Finally, there is a 132-page companion book which contains: 'The full story of the First Fleet of Convicts transported to Australia, 1787-88, and of the classic ballad Opera that it inspired.' The book is probably deserving of a full review in its own write, but suffice it to say that it's a tremendous piece of work. Tony Fisher's photographs of the 1977 recording sessions are a real bonus, and the wealth of historical information is nothing short of revelatory. Free Reed's Neil Wayne and Nigel Schofield have, once again, delivered a package that is pretty close to flawless. I say 'close' as there are, in truth, one or two typos here and there. Vic Legg's album is incorrectly titled in the book, and he's the only singer (on either CD) whose name is not listed on the front of the box. While pointing out that oversight probably has me marked down as a deeply annoying pedant, I'm hopeful that the Free Reed guys will forgive me on the grounds that my particular foibles aren't, perhaps, so very different from their own! I can't think of another label that demonstrates the commitment to accurate information and comprehensive detail that Free Reed consistently applies to their recordings. With The Transports: Silver Edition, Free Reed has given Peter Bellamy's brilliant Ballad Opera the format it deserves, and presented it to a whole new audience. I hope that they sell a million!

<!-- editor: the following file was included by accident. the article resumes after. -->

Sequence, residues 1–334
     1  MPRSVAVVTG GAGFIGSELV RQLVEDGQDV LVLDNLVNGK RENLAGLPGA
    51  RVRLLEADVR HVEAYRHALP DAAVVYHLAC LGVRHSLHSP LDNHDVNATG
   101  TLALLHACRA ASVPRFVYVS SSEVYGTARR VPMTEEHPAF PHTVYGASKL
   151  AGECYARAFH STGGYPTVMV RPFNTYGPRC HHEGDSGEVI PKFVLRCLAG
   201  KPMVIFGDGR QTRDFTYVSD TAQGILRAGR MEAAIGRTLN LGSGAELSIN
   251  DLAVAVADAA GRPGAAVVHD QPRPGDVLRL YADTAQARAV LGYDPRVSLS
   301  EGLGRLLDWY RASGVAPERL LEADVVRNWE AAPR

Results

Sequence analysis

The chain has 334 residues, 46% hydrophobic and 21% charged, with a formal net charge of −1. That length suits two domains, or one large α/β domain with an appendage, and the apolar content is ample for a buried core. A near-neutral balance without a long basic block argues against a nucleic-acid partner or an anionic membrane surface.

Track Listing
1. Overture
2. Ballad Of Henry & Susannah, The (Part 1)
3. Us Poor Fellows
4. Robber's Song, The
5. Ballad Of Henry & Susannah, The (Part 2)
6. Leaves In The Woodland, The
7. Ballad Of Henry & Susannah, The (Part 3)
8. I Once Lived In Service
9. Norwich Gaol
10. Sweet Loving Friendship
11. Ballad Of Henry & Susannah, The (Part 4)
12. Black And Bitter Night, The
13. Humane Turnkey, The (I)